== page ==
ALASKA VOLCANO OBSERVATORY DAILY UPDATE
U.S. Geological Survey
Saturday, November 19, 2022, 11:34 AM AKST (Saturday, November 19, 2022, 20:34 UTC)
Weak eruptive activity continues from a vent on the east flank of Pavlof Volcano, just below the summit. Seismic tremor was recorded throughout the past 24 hours but no explosions were detected. Elevated surface temperatures were observed in satellite images.
Small explosions associated with the current eruption could happen at any time and may be accompanied by small ash plumes within the immediate vicinity of the volcano. The level of unrest at Pavlof Volcano can change quickly and the progression to more significant eruptive activity can occur with little or no warning.
Pavlof Volcano is monitored by local seismic and infrasound sensors, satellite data, web cameras, and regional infrasound and lightning networks.
Unrest continues at Semisopochnoi volcano. Mild seismic tremor and occasional low-frequency earthquakes were detected over the past day. Nothing significant was observed in cloudy satellite imagery or webcam views.
Small eruptions producing minor ash deposits within the vicinity of the active north crater of Mount Cerberus and ash clouds usually under 10,000 ft (3 km) above sea level have characterized the recent activity. Small explosions and associated ash emissions could resume and may be difficult to detect during periods of high winds and/or when thick cloud cover obscures the volcano. Ash emissions over the past several years of activity have typically reached altitudes of less than 10,000 ft (3 km) above mean sea level.
Semisopochnoi volcano is monitored by local seismic and infrasound sensors, satellite data, web cameras, and regional infrasound and lightning networks.
Lava continues to erupt in the summit crater of Great Sitkin Volcano. Seismicity was low over the past day with occasional low-frequency earthquakes. Nothing noteworthy was observed in cloudy satellite and webcam views.
Great Sitkin Volcano is monitored by local seismic and infrasound sensors, satellite data, web cameras, and regional infrasound and lightning networks.
Seismic activity near Takawangha volcano intensified over the past few days, and the earthquake swarm continues. Most of the earthquakes, the largest with magnitudes between 2 and 3, have preliminary depths of about 2 to 4 miles (3 to 6 km) below sea level. This activity may be due to the movement of magma beneath the volcano and marks a departure from background activity. In response, AVO raised the Aviation Color Code to YELLOW and Alert Level to ADVISORY for Takawangha volcano yesterday afternoon (November 18). No definitive eruptive activity has been detected in satellite views or other monitoring data over the past day.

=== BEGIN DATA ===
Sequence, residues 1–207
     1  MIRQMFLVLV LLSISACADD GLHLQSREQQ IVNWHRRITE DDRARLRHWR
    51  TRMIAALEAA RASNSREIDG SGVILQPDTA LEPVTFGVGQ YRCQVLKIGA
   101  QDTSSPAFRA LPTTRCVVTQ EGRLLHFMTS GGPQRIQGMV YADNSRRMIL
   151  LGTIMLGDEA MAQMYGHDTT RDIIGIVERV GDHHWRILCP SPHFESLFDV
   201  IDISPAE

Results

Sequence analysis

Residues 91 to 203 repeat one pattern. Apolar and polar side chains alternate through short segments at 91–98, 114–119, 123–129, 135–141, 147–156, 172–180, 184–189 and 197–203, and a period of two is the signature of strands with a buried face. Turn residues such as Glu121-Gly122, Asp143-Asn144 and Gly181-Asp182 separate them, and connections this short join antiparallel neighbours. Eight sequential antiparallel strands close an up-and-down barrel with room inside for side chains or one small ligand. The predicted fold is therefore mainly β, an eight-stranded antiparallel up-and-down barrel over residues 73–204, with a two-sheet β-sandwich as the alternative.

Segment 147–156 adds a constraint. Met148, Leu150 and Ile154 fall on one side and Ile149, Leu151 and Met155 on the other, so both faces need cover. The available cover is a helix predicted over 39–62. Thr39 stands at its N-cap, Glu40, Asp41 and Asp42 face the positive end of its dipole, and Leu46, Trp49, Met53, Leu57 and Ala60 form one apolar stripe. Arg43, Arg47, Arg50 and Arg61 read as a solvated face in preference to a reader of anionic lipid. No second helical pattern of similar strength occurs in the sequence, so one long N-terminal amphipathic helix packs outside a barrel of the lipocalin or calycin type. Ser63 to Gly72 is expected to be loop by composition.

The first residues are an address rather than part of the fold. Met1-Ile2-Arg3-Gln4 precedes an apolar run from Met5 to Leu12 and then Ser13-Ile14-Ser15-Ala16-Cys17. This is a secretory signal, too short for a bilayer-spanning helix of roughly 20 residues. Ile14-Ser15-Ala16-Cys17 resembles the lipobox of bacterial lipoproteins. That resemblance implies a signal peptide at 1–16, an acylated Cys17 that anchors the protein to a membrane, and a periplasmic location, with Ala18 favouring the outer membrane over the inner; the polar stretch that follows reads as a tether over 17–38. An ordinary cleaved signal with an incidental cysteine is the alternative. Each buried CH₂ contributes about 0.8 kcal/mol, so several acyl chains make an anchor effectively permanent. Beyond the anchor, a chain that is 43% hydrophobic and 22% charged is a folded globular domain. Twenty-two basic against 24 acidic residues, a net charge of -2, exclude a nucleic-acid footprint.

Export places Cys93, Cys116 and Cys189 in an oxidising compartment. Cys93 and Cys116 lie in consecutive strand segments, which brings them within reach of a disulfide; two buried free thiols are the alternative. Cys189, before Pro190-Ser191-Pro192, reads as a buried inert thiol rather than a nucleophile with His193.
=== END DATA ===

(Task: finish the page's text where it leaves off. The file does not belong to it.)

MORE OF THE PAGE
Local instruments detected no significant seismic activity over the past day. No activity was observed in cloudy satellite, but a weak gas plume was visible throughout the day yesterday in webcam imagery.
Episodes of lava effusion and explosions can occur without advance warning. Explosions from Mount Cleveland are normally short-duration and only present a hazard to aviation in the immediate vicinity of the volcano. Larger explosions that present a more widespread hazard to aviation are possible but are less likely and occur less frequently.
When the seismic network is operational, Mount Cleveland is monitored by only three local seismic stations, which restricts AVO's ability to precisely locate earthquakes and detect precursory unrest that may lead to an explosive eruption. Rapid detection of an ash-producing eruption may be possible using a combination of seismic, infrasound, lightning, and satellite data.
OTHER ALASKA VOLCANOES
Information on all Alaska volcanoes is available at: http://www.avo.alaska.edu.
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Michelle Coombs, Scientist-in-Charge, USGS, email@example.com, (907) 786-7497
David Fee, Coordinating Scientist, UAFGI, firstname.lastname@example.org, (907) 378-5460
The Alaska Volcano Observatory is a cooperative program of the U.S. Geological Survey, the University of Alaska Fairbanks Geophysical Institute, and the Alaska Division of Geological and Geophysical Surveys.